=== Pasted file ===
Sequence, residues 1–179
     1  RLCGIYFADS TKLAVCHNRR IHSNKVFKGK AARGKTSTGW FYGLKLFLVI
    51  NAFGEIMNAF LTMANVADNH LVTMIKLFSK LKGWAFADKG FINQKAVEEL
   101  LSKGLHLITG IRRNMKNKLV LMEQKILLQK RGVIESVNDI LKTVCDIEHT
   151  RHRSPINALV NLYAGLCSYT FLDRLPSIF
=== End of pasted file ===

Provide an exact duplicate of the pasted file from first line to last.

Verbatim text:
Sequence, residues 1–179
     1  RLCGIYFADS TKLAVCHNRR IHSNKVFKGK AARGKTSTGW FYGLKLFLVI
    51  NAFGEIMNAF LTMANVADNH LVTMIKLFSK LKGWAFADKG FINQKAVEEL
   101  LSKGLHLITG IRRNMKNKLV LMEQKILLQK RGVIESVNDI LKTVCDIEHT
   151  RHRSPINALV NLYAGLCSYT FLDRLPSIF